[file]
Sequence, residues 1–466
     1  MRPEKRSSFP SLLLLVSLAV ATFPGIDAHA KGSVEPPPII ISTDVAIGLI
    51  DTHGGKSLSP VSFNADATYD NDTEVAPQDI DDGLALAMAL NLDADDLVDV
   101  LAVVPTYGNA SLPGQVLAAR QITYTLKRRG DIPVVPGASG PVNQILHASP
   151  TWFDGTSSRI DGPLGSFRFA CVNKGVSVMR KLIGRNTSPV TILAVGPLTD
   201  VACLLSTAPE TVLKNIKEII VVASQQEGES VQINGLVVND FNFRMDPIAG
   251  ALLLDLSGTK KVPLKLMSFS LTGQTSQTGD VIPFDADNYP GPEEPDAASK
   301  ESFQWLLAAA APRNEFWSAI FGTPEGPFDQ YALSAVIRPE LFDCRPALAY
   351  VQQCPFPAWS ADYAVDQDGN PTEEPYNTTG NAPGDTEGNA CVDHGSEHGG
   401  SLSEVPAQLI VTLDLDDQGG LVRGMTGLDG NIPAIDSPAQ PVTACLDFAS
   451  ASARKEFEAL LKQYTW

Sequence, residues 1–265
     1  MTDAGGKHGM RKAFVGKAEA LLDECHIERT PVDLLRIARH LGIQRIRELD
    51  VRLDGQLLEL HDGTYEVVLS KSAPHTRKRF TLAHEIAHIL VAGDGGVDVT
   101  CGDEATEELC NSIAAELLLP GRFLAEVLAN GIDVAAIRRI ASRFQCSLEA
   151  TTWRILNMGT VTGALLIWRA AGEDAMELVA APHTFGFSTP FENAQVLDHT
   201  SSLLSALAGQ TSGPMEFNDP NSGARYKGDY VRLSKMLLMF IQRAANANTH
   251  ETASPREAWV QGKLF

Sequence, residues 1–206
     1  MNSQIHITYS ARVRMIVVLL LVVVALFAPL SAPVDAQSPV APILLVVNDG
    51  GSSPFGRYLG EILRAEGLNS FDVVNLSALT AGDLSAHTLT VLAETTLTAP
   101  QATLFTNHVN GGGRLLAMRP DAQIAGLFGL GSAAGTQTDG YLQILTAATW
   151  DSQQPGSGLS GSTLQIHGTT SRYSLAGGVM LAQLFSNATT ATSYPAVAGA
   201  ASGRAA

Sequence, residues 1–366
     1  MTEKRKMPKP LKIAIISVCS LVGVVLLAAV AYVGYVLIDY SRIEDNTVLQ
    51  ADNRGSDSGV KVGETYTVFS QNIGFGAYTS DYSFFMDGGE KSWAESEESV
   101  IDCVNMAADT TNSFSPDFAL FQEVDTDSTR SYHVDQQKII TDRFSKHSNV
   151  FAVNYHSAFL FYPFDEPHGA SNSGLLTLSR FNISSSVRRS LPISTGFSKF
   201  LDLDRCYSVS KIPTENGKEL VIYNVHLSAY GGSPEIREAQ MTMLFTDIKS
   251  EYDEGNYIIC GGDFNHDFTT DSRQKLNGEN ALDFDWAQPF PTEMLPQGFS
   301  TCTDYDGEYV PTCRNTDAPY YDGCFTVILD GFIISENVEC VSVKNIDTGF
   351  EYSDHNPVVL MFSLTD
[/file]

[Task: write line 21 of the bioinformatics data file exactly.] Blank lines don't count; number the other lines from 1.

    51  GSSPFGRYLG EILRAEGLNS FDVVNLSALT AGDLSAHTLT VLAETTLTAP